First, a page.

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UK Michelin Ratings for 2008


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Oh, you're so up with the news...

Sorry, don't mean to be a smart arse.

I don't know who they've got in to replace him but he's going to be a tough act to follow. I was invited to a press launch at the Latymer and had a very impressive meal given that he'd only just taken over the kitchen. Lovely restaurant but the rest of the hotel, which is bloody huge, is a bit corporate for my tastes.

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Wild Honey (if Arbutus got it, then why not WH. I like both restaurants, but don't think either is 1* standard. But consistency should dictate WH gets a star)

Agree. My last four or five meals at Arbies have been really quite disappointing, as was my one visit to WH. Either I've repeatedly hit bad nights, or it's not the same place it was a year ago. Still, I'd fully expect Mich to take the path of least resistance and give WH a star, rather than admit it made a mistake last year.

Aiden Byrne - nothing but praise, wasted in that room

Agree, but does value for money ever come into it? The Grill Room is great at what it does, but it's so expensive you think it's a practical joke at first. I mean, £42 for Dover sole with nothing. Even on Park Lane, that's silly.

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just reading an article in the caterer with chefs predictions for stars in the 08 guide, some sensible calls, anthony's for one, champignon sauvage for three etc.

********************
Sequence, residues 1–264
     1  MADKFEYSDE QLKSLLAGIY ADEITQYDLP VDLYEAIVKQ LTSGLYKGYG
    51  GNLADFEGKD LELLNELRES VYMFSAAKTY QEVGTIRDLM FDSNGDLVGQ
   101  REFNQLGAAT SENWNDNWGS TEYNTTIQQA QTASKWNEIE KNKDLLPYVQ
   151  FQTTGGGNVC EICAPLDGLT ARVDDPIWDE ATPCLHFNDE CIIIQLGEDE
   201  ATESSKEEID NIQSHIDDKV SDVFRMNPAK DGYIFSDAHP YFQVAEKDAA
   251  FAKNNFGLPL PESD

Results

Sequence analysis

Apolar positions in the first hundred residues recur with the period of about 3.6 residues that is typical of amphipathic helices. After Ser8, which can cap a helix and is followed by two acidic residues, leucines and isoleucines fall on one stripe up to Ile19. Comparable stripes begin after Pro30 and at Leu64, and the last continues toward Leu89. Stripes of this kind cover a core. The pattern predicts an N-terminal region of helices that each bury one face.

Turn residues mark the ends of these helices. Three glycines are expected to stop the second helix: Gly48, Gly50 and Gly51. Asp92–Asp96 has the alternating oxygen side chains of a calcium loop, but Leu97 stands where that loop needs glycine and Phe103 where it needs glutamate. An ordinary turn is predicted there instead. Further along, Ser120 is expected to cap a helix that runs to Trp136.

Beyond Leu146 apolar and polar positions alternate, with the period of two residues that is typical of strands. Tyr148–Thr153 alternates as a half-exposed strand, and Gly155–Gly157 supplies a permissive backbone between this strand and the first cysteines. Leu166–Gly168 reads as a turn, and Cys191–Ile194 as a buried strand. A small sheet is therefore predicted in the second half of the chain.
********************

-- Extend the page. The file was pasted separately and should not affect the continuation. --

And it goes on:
Was there any mention of Irish restaurants in the Caterer piece?

Derek Bulmer has been busy following up on inspector visits over here. He was back in to check 2* Restaurant Patrick Guilbaud, which has had a refurb, but I don’t see there being any change there. Definitely not a third star. Their great room, great service and consistency are what keep them at the 2* level more than the food (which is good but short on wow factor, with the exception of the crubbeens and a few other dishes). There’s speculation that Thornton’s will get its second star back now that the room has been brought up to scratch. I prefer the food in Thornton’s to Guilbaud’s but just don’t feel that their front-of-house is 2*, which is a shame, but not enough to put me off. It will be interesting to see what happens there.

Mint is the one that everyone is watching. Dylan McGrath is a serious talent and it will be nothing short of disgraceful if he doesn’t land a star. He is the best chef in the country as far as I’m concerned. The room unfortunately is too small, approx 36 covers, with tables way too close together and there’s no reception area. But this is the only down side. On a recent visit, I couldn’t believe how much he had moved on, he is continuously improving on everything he does, he’s highly original and there seems to be no issue with consistency. The food is wonderful, sublime at times. He’s got the whole shebang in terms of glassware, plates, customised serving dishes etc, service is great and there’s an excellent wine list and sommelier. A television crew is following him at the moment, the obsessive chef reaching for the stars slant, so 24th Jan is going to be the bit that wraps up the story.